Reliance buys REC Group, plans to support new module facilities in France and US

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REC currently manufactures solar cells and modules from a plant in Singapore. Image: REC Group.

A subsidiary of Indian conglomerate Reliance Industries has acquired solar module manufacturer REC Group and a 40% stake in EPC and O&M solutions provider Sterling and Wilson.

Reliance New Energy Solar is purchasing REC Group from China National Bluestar for US$771 million as it looks to support the Norway-headquartered company grow its solar manufacturing capacity to more than 5GW within the next two to three years.

REC has two manufacturing facilities in Norway that produce solar-grade polysilicon as well as a Singapore plant making PV cells and modules that started mass production in 2019 and is expected to increase its output by 2-3GW. Reliance will also support the company in setting up a new 2GW cell and module facility in France and a 1GW module plant in the US.

The new ownership will allow REC to “rapidly boost its scale and better serve its increasing customer base”, the company said.

REC makes a range of p-type, n-type and heterojunction (HJT) modules. Reliance plans to use the company’s technology in an integrated solar manufacturing facility that it will set up in the Indian city of Jamnagar with an initial capacity of 4GW that could eventually rise to 10GW – a complex that may also be replicated at other locations around the world.  

With activities spanning areas such as hydrocarbon production, petroleum refining and petrochemicals, Reliance is India’s largest private sector company, with an annual turnover last year of US$73.8 billion.

As part of an effort to become net zero by 2035, Reliance earlier this year unveiled a US$10.1 billion clean energy plan that will see it aim to support 100GW of solar 2030 as well as set up production plants for PV, battery storage and green hydrogen.

“Together with our other recent investments, Reliance is now ready to set up a global scale integrated photovoltaic giga factory and make India a manufacturing hub,” said Reliance Industries chairman Mukesh Ambani.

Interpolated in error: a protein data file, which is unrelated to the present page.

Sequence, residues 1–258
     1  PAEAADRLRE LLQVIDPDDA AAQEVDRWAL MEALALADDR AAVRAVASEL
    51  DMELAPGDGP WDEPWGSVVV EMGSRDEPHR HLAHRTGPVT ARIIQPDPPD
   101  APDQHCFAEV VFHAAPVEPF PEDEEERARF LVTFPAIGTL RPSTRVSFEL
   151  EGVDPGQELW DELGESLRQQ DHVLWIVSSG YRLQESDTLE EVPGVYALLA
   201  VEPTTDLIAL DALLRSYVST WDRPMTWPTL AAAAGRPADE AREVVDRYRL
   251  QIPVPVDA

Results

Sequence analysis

Reliance is among the 18 companies that have bid to receive solar manufacturing support under India’s production-linked incentive scheme, according to consultancy JMK Research & Analytics, which said “it is highly likely” that Reliance and Adani  “will be the main PLI beneficiaries” given their renewables investment plans.

Coinciding with the REC acquisition, Reliance said its purchase of a 40% stake in Mumbai-headquartered Sterling and Wilson will support the conglomerate in its goal of establishing and enabling up to 100GW of solar in India by the end of the decade.

Providing EPC services mainly for utility-scale solar projects, Sterling and Wilson has more than 11.4GWp of plants commissioned and under construction. It also provides solar O&M services, including for projects constructed by third parties, and currently manages a portfolio of 8.8GWp globally.

Sterling and Wilson’s chairman, Khurshed Daruvala, will remain in his role and lead the company’s next phase of growth.

Ambani said that with its global presence, engineering knowledge and experience of carrying out complex projects, Sterling and Wilson will become an important part of his company’s solar value chain. “This will enable us to deliver our comprehensive, end-to-end ecosystem leading to cost-efficient green energy for Indian consumers.”

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